July 17, 2015 |
Trudy Cohen, 83, a photographer and longtime Center City resident, died Wednesday, July 8, at Thomas Jefferson University Hospital of a cerebral hemorrhage. Born in New York City, Mrs. Cohen graduated from Hunter High School there. She attended classes for three years at the University of Richmond in Virginia in 1952. In 1976, after marrying and moving to Philadelphia, Mrs. Cohen completed a bachelor's degree in photography from Moore College of Art and Design. From 1977 to 1994, she was the official photographer for the Opera Company of Philadelphia.
July 11, 2015 |
In an extension of its already numerous outreach activities, the Philadelphia Orchestra announced a new partnership Thursday with Carnegie Hall's second youth orchestra, to be formed in 2016. Having already formed the National Youth Orchestra of the USA (NYO-USA) in 2013 for musicians ages 16 to 19, Carnegie Hall is now founding the 80-piece NYO2 for students 14 to 17 who "have been traditionally underserved by local music programs," according to a statement it released. As many as "several dozen" Philadelphia musicians will act as both as coaches and side-by-side players, said Philadelphia Orchestra president and CEO Allison Vulgamore.
July 8, 2015 |
Although he was one of Philadelphia's ultimate behind-the-scenes musicians, James Holesovsky, 72, who died Saturday, June 27, after an extended illness, was a cellist who could have had the personal glory to which many aspire. Instead, through his personal musical standards and networking skills, he helped maintain the quality of classical music in Philadelphia. A 50-year member of Chamber Orchestra of Philadelphia, Mr. Holesovsky was the soul of consistency, no matter the performance conditions or repertoire at hand.
June 30, 2015 |
The hard-core classical lover isn't exactly settling when he goes to hear an entire evening of Gershwin. As a melodist, Gershwin is right up there with Schubert. It is especially true that when orchestrated, and orchestrated well, his songs strike a particular vein in the American spirit that is more breathlessly optimistic than Irving Berlin, more urbane than Copland, and yet retains its sincerity to the tender core. The Philadelphia Orchestra and conductor Cristian Macelaru could not have picked a better banner for these ideals than the opener to Friday night's concert at the Mann Center.
June 28, 2015 |
It was an offer you couldn't refuse: a classic film, a great score, a great classical orchestra. There was much to like about the Philadelphia Orchestra's Thursday-night performance at the Mann Center of Nino Rota's score beneath a vivid screen showing The Godfather . There is also something of a feeling of treading water on these movie nights. In terms of developing audiences for classical music, the trend of pairing live orchestras with film likely will have little to show for it in the end. Still, it feels like justice to those of us who believe that as much art lies in that quivering line off to the side of the celluloid as in the main frame.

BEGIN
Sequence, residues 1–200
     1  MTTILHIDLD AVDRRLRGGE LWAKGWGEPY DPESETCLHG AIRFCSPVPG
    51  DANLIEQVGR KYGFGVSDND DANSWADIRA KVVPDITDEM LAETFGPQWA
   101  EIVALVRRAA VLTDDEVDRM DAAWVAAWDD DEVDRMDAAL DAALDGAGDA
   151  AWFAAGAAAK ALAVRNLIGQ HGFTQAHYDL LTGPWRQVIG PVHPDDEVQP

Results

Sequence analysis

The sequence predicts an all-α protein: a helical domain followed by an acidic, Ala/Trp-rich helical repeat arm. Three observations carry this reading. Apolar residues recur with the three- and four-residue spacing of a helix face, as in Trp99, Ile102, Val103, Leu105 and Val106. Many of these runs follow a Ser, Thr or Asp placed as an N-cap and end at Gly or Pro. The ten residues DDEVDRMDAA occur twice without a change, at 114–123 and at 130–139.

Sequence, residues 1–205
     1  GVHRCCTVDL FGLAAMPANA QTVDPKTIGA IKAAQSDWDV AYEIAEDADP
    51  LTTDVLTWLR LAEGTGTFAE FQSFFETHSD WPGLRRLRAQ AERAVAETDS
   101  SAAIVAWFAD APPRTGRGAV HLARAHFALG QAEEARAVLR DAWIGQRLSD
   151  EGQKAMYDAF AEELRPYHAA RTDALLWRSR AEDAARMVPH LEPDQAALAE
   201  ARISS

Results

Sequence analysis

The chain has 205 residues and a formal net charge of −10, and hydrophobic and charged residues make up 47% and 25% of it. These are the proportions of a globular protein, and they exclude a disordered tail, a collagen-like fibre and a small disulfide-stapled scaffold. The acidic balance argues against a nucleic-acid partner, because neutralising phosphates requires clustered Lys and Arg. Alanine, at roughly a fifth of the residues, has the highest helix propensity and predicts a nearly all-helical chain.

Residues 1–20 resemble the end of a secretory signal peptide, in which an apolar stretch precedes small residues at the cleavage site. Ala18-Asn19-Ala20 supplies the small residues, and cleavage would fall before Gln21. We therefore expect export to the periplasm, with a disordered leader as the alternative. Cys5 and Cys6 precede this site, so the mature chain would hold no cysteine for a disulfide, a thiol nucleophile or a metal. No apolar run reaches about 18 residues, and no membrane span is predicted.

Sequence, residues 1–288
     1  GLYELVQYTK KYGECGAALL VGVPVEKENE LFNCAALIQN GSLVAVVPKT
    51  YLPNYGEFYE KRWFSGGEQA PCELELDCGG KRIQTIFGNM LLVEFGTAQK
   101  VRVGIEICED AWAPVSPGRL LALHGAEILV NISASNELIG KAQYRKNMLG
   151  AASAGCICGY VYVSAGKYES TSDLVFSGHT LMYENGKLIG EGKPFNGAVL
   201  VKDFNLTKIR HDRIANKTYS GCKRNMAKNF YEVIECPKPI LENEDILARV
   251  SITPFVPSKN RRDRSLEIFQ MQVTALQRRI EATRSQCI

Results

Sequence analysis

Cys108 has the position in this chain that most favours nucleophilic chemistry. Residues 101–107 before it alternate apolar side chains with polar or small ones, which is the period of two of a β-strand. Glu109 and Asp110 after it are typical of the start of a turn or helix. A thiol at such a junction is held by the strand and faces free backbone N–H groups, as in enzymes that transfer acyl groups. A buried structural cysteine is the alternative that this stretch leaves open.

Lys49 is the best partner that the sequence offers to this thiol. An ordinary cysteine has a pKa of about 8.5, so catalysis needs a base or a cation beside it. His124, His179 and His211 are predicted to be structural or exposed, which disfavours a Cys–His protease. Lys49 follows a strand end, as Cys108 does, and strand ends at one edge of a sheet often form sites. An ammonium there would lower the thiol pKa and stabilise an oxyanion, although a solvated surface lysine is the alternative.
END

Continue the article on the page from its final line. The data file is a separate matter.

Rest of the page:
June 26, 2015 |
Tchaikovsky was unstoppable at the Philadelphia Orchestra's return Tuesday to the Mann Center for the Performing Arts in the annual 1812 Overture performance with fireworks, though the program was curtailed due to the violent thunderstorm that hit two hours before concert time. After an early-evening power failure, Peco restored the lights - lots of them, along with a trio of new video screens in the rear lawn - although only for a limited time, pending the rebooting necessary for repairs elsewhere in the area.
June 25, 2015 |
ROME - Finding an opening act for the pope is no easy task. Organizers of Pope Francis' visit to Philadelphia announced Tuesday that the renowned Italian tenor Andrea Bocelli and the Colombian pop star Juanes, along with the Philadelphia Orchestra, will headline the Saturday free concert on the eve of Pope Francis' Mass on the Benjamin Franklin Parkway in September. The pope - and as many as 1.5 million people - are expected to attend the Festival of Families performance on the last night of the World Meeting of Families, the Catholic Church's huge faith-and-families congress that week.
June 24, 2015 |
He was born in South Philadelphia, married Franco-Russian royalty, and reigned for five decades as one of the great violists of the 20th century. Joseph de Pasquale, 95, died Monday, June 22. Mr. de Pasquale, of Merion, was principal violist of two of America's golden-age ensembles - the Boston Symphony Orchestra from 1947 to 1964, and then, sitting alongside three of his brothers, the Philadelphia Orchestra from 1964 until retirement in 1996. He is credited with raising the standard of viola playing so dramatically that it remade the instrument's image, said Curtis Institute of Music president Roberto Díaz, a one-time de Pasquale protégé.
June 24, 2015 |
HE WAS A South Philly kid who made good. Joseph de Pasquale set new standards for the viola, playing for the Boston Symphony and, more famously, for the Philadelphia Orchestra in a career of performing and teaching that began at age 15 and ended with his retirement in 1996. He died yesterday at the age of 95. He lived in Merion Station. Joseph and his brothers, three of whom would comprise the world-renowned De Pasquale String Quartet, were born in South Philadelphia with the sound of classical music ringing in their heads.
June 20, 2015 |
Neil Courtney, 82, of Center City, a double bass player with the Philadelphia Orchestra for 48 years and the "king of the double bass in Philadelphia," died Wednesday, June 17, at home after many years of declining health from heart disease. He joined the orchestra as a section player in 1962, and served as assistant principal double bassist from 1988 until his retirement in 2010. Mr. Courtney liked to compare the double bass' range to that of a baritone singer, but bemoaned its limited repertoire and listening public.